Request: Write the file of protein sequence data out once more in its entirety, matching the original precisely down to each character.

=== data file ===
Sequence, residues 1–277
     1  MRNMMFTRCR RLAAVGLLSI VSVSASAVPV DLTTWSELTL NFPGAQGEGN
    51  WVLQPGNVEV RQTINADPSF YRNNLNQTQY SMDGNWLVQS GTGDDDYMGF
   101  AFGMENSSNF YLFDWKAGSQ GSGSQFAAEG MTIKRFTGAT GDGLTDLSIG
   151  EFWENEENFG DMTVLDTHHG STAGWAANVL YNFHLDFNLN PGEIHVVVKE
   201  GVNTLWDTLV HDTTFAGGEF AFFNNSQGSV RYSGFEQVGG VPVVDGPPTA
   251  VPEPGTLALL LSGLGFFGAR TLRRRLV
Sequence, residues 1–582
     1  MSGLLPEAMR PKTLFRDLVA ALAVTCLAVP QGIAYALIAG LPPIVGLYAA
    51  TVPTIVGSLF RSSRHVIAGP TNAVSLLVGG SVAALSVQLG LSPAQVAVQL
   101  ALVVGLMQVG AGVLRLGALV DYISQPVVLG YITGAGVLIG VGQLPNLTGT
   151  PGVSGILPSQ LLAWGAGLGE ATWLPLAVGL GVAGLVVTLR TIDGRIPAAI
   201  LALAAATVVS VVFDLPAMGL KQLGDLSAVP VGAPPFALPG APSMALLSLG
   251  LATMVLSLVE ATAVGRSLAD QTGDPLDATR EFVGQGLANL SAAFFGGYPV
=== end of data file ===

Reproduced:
Sequence, residues 1–277
     1  MRNMMFTRCR RLAAVGLLSI VSVSASAVPV DLTTWSELTL NFPGAQGEGN
    51  WVLQPGNVEV RQTINADPSF YRNNLNQTQY SMDGNWLVQS GTGDDDYMGF
   101  AFGMENSSNF YLFDWKAGSQ GSGSQFAAEG MTIKRFTGAT GDGLTDLSIG
   151  EFWENEENFG DMTVLDTHHG STAGWAANVL YNFHLDFNLN PGEIHVVVKE
   201  GVNTLWDTLV HDTTFAGGEF AFFNNSQGSV RYSGFEQVGG VPVVDGPPTA
   251  VPEPGTLALL LSGLGFFGAR TLRRRLV
Sequence, residues 1–582
     1  MSGLLPEAMR PKTLFRDLVA ALAVTCLAVP QGIAYALIAG LPPIVGLYAA
    51  TVPTIVGSLF RSSRHVIAGP TNAVSLLVGG SVAALSVQLG LSPAQVAVQL
   101  ALVVGLMQVG AGVLRLGALV DYISQPVVLG YITGAGVLIG VGQLPNLTGT
   151  PGVSGILPSQ LLAWGAGLGE ATWLPLAVGL GVAGLVVTLR TIDGRIPAAI
   201  LALAAATVVS VVFDLPAMGL KQLGDLSAVP VGAPPFALPG APSMALLSLG
   251  LATMVLSLVE ATAVGRSLAD QTGDPLDATR EFVGQGLANL SAAFFGGYPV